Understanding IPv4 Addressing

IPv4 addresses are 32-bit numbers that are typically displayed in dotted decimal notation. A 32-bit address contains two primary parts: the network prefix and the host number.

All hosts within a single network share the same network address. Each host also has an address that uniquely identifies it. Depending on the scope of the network and the type of device, the address is either globally or locally unique. Devices that are visible to users outside the network (webservers, for example) must have a globally unique IP address. Devices that are visible only within the network must have locally unique IP addresses.

IP addresses are assigned by a central numbering authority called the Internet Assigned Numbers Authority (IANA). IANA ensures that addresses are globally unique where needed and has a large address space reserved for use by devices not visible outside their own networks.

IPv4 Classful Addressing

To provide flexibility in the number of addresses distributed to networks of different sizes, 4-octet (32-bit) IP addresses were originally divided into three different categories or classes: class A, class B, and class C. Each address class specifies a different number of bits for its network prefix and host number:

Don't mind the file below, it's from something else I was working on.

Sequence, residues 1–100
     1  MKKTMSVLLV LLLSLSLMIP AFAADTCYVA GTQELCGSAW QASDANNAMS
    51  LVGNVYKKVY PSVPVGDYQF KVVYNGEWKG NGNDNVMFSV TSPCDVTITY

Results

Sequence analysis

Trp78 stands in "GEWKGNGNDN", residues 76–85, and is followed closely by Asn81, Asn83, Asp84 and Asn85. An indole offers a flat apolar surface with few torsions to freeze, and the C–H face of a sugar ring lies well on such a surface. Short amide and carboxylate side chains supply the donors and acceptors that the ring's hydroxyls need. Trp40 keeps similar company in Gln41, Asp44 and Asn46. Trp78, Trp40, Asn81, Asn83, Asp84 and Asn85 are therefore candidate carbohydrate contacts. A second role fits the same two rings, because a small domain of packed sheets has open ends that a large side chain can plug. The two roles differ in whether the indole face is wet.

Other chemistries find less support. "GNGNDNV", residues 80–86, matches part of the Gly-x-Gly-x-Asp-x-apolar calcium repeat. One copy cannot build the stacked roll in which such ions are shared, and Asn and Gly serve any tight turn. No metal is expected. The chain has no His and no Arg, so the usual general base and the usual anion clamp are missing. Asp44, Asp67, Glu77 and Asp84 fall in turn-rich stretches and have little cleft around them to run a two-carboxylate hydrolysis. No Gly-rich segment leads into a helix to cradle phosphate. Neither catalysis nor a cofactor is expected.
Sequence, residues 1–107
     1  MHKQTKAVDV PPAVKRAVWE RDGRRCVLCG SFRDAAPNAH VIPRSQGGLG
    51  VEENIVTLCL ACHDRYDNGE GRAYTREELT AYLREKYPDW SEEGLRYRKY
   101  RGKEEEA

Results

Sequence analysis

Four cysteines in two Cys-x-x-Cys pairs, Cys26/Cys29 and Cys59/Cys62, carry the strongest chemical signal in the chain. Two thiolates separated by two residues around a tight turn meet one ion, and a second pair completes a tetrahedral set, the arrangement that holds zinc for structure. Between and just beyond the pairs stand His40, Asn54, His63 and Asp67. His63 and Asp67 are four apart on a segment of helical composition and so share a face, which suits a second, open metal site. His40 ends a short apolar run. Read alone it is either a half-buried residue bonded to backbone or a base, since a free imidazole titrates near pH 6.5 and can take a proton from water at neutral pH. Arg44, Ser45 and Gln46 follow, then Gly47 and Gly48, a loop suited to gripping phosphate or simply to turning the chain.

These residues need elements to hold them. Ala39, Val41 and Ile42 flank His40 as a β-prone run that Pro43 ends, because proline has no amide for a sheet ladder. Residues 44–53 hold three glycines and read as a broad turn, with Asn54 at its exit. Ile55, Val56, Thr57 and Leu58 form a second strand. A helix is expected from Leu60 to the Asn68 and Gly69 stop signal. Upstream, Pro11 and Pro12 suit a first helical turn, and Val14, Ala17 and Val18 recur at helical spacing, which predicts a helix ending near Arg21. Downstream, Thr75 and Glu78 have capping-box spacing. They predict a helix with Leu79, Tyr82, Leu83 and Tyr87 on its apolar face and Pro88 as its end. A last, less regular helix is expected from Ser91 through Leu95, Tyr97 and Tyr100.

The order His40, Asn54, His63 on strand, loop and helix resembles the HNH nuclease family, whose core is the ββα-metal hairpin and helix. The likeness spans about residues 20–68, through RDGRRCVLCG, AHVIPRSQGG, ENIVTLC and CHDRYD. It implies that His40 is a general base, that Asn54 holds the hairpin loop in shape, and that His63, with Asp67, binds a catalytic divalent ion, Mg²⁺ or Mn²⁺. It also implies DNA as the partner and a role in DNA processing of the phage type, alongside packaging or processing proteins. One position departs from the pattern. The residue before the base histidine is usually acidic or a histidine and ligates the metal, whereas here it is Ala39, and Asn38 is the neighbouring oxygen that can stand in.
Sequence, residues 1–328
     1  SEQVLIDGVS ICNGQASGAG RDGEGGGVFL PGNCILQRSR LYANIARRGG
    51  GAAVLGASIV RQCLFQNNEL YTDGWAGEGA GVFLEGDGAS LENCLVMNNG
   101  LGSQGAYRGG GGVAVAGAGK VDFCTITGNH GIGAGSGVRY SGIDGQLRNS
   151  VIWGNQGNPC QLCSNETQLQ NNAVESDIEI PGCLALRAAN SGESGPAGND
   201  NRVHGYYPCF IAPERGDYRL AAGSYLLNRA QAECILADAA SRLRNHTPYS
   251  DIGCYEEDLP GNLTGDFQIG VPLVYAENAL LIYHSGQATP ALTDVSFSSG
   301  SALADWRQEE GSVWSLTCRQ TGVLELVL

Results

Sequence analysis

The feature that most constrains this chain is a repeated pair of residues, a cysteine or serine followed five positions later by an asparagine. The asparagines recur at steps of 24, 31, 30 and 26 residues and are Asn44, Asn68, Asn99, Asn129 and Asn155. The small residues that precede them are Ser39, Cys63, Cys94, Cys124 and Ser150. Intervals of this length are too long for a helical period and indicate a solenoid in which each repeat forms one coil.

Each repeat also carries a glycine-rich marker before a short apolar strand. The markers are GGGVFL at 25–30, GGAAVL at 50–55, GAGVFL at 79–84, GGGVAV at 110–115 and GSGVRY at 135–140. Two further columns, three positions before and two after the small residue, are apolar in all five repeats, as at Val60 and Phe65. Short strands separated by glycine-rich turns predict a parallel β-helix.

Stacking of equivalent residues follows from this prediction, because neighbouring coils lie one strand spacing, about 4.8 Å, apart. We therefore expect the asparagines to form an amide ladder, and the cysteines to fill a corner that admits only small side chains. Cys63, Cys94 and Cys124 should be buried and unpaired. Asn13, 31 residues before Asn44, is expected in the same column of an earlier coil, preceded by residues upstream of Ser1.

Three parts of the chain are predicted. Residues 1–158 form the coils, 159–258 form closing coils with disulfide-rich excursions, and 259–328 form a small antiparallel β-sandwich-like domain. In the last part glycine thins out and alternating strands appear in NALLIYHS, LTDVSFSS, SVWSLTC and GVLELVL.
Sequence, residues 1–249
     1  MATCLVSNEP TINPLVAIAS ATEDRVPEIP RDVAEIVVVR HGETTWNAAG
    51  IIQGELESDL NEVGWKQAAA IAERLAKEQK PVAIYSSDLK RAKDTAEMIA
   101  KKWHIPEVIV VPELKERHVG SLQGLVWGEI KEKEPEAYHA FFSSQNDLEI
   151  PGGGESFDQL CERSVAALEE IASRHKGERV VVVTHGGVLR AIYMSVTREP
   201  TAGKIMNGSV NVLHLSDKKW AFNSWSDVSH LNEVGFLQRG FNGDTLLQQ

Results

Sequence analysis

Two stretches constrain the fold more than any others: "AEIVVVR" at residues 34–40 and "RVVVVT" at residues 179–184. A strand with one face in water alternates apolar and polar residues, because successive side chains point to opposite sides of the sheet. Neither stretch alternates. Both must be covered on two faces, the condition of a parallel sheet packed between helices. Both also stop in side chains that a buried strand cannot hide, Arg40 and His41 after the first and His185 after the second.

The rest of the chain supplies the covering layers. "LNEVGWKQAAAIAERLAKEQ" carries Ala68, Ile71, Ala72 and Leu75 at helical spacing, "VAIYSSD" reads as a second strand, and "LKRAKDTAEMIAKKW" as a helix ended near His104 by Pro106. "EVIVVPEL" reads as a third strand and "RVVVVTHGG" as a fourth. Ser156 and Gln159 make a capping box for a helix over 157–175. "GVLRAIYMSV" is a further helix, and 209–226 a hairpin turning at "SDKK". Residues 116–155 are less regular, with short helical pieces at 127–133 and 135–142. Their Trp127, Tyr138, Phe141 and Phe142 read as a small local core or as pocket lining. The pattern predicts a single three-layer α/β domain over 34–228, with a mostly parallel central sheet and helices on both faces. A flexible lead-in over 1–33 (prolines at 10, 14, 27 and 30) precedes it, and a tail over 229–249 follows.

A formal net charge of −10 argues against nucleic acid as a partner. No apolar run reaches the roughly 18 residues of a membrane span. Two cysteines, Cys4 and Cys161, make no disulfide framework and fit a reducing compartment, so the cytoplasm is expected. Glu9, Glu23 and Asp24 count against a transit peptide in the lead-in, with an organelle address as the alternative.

• Class A addresses use only the first byte (octet) to specify the network prefix, leaving 3 bytes to define individual host numbers.
  • Class B addresses use the first 2 bytes to specify the network prefix, leaving 2 bytes to define host addresses.
  • Class C addresses use the first 3 bytes to specify the network prefix, leaving only the last byte to identify hosts.

In binary format, with an x representing each bit in the host number, the three address classes can be represented as follows:

00000000 xxxxxxxx xxxxxxxx xxxxxxxx (Class A)
00000000 00000000 xxxxxxxx xxxxxxxx (Class B)
00000000 00000000 00000000 xxxxxxxx (Class C)

Because each bit (x) in a host number can have a 0 or 1 value, each represents a power of 2. For example, if only 3 bits are available for specifying the host number, only the following host numbers are possible:

111 110 101 100 011 010 001 000

In each IP address class, the number of host-number bits raised to the power of 2 indicates how many host numbers can be created for a particular network prefix. Class A addresses have 224 (or 16,777,216) possible host numbers, class B addresses have 216 (or 65,536) host numbers, and class C addresses have 28 (or 256) possible host numbers.

IPv4 Dotted Decimal Notation

The 32-bit IPv4 addresses are most often expressed in dotted decimal notation, in which each octet (or byte) is treated as a separate number. Within an octet, the rightmost bit represents 20 (or 1), increasing to the left until the first bit in the octet is 27 (or 128). Following are IP addresses in binary format and their dotted decimal equivalents:

11010000 01100010 11000000 10101010 =
01110110 00001111 11110000 01010101 =
00110011 11001100 00111100 00111011 =

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